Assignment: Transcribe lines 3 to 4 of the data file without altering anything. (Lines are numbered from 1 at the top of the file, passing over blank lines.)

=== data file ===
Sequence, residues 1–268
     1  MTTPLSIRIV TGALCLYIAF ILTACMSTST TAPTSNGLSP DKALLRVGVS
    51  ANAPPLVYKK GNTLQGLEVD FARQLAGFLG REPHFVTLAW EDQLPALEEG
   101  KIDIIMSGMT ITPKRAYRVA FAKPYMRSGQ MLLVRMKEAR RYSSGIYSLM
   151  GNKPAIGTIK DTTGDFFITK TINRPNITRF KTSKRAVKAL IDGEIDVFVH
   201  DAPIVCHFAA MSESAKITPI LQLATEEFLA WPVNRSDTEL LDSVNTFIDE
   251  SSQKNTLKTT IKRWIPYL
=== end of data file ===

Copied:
    51  ANAPPLVYKK GNTLQGLEVD FARQLAGFLG REPHFVTLAW EDQLPALEEG
   101  KIDIIMSGMT ITPKRAYRVA FAKPYMRSGQ MLLVRMKEAR RYSSGIYSLM